When you run the application on the target, the GUI will display the same numeric values as before, but now if you press the Chart button, it will show something like:

Qt5 application with chart

Adjusting the Buildroot package

We have for now been building this application manually, but as explained in our previous blog post, we really want Buildroot to be able to build our complete system, including our application. For this reason, we had created a qt-sensor-demo package, which gets our application source code, configures it with qmake, builds it and installs it.

However, with the new use of Qt Charts, our qt-sensor-demo package needs a few adjustements:

  • The Config.in file needs an additional select BR2_PACKAGE_QT5CHARTS, to make sure Qt Charts are enabled in the Buildroot configuration
  • The qt-sensor-demo.mk file needs an additional qt5charts in the QT_SENSOR_DEMO_DEPENDENCIES variable to make sure the qt5charts package gets built before qt-sensor-demo

With this in place, you can run:

make qt-sensor-demo-rebuild
make

And you have an SD card image that includes our application!

Starting the application automatically at boot time

The next and almost final step for this blog post is to get our application automatically started at boot time. We can simply add a small shell script on the target in /etc/init.d/: the default Buildroot configuration for the init system will execute all scripts named Ssomething in /etc/init.d/. We'll add a file named package/qt-sensor-demo/S99qt-sensor-demo with these contents:

#!/bin/sh

DAEMON="qt-sensor-demo"
DAEMON_ARGS="-platform linuxfb"
PIDFILE="/var/run/qt-sensor-demo.pid"

start() {
	printf 'Starting %s: ' "$DAEMON"
	start-stop-daemon -b -m -S -q -p "$PIDFILE" -x "/usr/bin/$DAEMON" -- $DAEMON_ARGS
	status=$?
	if [ "$status" -eq 0 ]; then
		echo "OK"
	else
		echo "FAIL"
	fi
	return "$status"
}

stop () {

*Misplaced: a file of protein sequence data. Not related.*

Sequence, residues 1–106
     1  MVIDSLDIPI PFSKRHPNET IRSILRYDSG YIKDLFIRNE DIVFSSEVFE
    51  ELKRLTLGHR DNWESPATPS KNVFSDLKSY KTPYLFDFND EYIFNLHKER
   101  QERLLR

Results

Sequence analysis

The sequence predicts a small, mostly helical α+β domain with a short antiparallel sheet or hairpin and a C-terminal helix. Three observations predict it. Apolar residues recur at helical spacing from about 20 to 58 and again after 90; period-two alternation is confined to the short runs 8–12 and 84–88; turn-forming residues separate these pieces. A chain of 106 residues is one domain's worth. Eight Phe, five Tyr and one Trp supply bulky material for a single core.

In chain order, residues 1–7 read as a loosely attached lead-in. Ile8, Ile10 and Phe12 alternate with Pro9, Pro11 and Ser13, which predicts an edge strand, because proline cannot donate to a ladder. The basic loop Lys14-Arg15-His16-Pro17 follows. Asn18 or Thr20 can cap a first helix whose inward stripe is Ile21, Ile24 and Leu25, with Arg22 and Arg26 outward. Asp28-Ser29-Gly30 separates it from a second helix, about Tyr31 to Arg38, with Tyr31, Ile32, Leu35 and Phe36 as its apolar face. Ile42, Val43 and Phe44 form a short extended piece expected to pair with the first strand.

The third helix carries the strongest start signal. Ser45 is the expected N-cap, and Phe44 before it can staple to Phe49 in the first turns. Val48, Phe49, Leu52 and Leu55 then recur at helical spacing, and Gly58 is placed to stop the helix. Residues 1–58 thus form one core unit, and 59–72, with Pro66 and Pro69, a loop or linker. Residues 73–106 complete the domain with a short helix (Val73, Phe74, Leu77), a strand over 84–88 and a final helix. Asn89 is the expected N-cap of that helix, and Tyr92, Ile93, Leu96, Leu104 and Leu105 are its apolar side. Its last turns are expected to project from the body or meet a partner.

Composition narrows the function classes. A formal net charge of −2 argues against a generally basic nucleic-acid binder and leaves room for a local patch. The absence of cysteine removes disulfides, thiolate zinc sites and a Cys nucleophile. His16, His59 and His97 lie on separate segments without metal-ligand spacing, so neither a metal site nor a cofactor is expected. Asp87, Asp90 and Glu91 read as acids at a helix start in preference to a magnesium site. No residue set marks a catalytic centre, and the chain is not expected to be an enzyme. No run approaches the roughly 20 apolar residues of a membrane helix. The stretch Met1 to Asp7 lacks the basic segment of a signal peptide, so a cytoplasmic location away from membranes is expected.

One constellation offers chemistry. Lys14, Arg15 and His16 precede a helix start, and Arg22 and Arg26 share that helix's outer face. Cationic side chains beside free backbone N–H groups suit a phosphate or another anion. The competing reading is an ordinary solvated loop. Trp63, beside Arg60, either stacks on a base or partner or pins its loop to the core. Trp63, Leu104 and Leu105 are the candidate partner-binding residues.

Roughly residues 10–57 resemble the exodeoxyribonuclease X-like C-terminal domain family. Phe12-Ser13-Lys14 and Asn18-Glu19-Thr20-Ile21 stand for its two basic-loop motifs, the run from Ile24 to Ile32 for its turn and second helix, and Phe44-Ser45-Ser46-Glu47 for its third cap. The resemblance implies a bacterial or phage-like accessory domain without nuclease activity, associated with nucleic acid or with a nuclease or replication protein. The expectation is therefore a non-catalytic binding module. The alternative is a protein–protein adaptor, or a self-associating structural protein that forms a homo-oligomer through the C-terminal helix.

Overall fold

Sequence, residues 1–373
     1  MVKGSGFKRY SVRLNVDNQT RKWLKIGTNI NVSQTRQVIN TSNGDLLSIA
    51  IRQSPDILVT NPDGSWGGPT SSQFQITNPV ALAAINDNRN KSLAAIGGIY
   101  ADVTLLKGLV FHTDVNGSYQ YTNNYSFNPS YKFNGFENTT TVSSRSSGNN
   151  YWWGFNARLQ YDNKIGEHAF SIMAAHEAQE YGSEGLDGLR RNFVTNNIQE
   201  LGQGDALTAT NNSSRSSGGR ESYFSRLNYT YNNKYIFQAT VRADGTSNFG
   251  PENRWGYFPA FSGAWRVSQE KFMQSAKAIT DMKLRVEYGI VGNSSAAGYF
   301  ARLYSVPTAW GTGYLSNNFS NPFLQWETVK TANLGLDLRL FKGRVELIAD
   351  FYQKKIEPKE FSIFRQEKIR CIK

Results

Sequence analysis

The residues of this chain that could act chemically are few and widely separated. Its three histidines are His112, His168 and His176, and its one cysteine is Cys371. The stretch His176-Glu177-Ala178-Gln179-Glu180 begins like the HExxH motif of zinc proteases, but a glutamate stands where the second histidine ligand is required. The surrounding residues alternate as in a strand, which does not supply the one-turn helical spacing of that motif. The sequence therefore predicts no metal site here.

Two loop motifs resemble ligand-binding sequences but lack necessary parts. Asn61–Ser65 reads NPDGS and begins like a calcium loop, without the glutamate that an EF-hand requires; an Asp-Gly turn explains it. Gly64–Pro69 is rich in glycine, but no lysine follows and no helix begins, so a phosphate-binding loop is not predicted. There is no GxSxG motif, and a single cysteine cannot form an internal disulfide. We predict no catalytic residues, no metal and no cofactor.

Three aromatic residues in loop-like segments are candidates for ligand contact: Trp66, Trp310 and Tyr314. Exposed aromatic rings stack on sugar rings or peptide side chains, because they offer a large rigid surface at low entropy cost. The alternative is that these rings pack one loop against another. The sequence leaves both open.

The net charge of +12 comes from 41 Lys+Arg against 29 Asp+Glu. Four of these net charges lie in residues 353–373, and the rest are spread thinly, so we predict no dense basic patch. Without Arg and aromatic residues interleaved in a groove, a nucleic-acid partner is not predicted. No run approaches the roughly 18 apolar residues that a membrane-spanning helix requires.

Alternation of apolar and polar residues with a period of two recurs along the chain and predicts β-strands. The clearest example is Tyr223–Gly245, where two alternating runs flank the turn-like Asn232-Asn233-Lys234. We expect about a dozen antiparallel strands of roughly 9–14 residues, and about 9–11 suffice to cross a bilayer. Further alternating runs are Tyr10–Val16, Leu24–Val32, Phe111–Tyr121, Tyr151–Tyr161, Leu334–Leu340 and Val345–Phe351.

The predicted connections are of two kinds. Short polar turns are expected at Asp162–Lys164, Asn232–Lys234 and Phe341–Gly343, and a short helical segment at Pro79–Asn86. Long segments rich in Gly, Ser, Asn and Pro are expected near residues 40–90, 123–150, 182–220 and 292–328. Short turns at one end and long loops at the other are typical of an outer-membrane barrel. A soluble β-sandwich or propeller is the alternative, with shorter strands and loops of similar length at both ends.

printf 'Stopping %s: ' "$DAEMON"
	start-stop-daemon -K -q -p "$PIDFILE"
	status=$?
	if [ "$status" -eq 0 ]; then
		rm -f "$PIDFILE"
		echo "OK"
	else
		echo "FAIL"
	fi
	return "$status"
}

restart () {
	stop
	sleep 1
	start
}

case "$1" in
        start|stop|restart)
		"$1";;
	reload)
		# Restart, since there is no true "reload" feature.
		restart;;
        *)
                echo "Usage: $0 {start|stop|restart|reload}"
                exit 1
esac

This is the canonical init script used in Buildroot to start system daemons and services, and is modeled after the one in package/busybox/S01syslogd. It uses the start-stop-daemon program to start our application in the background.

Then, to get this init script installed, we need to adjust package/qt-sensor-demo/qt-sensor-demo.mk with the following additional lines:

define QT_SENSOR_DEMO_INSTALL_INIT_SYSV
        $(INSTALL) -D -m 755 package/qt-sensor-demo/S99qt-sensor-demo \
                $(TARGET_DIR)/etc/init.d/S99qt-sensor-demo
endef

This ensures that the init script gets installed in /etc/init.d/S99qt-sensor-demo as part of the build process of our qt-sensor-demo package. Note that an init script works fine if you're using the Busybox init implementation or the sysvinit init implementation (we're using the default Buildroot setup here, which uses the Busybox init implementation). If you want to use systemd as an init implementation, then a different setup is necessary.

With this done, you simply need to reinstall the application and regenerate the SD card image

$ make qt-sensor-demo-reinstall
$ make

You can now test your SD card image on you board, and you should see the application being started automatically, with the following messages at boot time

Starting dropbear sshd: OK
Starting qt-sensor-demo: OK

Welcome to Buildroot

Avoid unnecessary logging on the display panel

In our current setup, the kernel messages are being sent to both the serial port and the framebuffer console, which means they appear on the display panel. This is not very pretty, and we would like the display to remain black until the application starts, while keeping the kernel messages on the serial port for debugging purposes. Also, we would like the framebuffer console text cursor to not be displayed, to really have a fully black screen. To achieve this we will add two arguments on the Linux kernel command line:

  • console=ttySTM0,115200, which will tell the Linux kernel to only use the serial port as the console, and not all registered consoles, which would include the framebuffer console. This option will make sure the kernel messages are not displayed on the screen.
  • vt.global_cursor_default=0, which will tell the Linux kernel to not display any cursor on the framebuffer console.

So, to add those options, we simply modify board/stmicroelectronics/stm32mp157-dk/overlay/boot/extlinux/extlinux.conf in Buildroot as follows:

label stm32mp15-buildroot
  kernel /boot/zImage
  devicetree /boot/stm32mp157c-dk2.dtb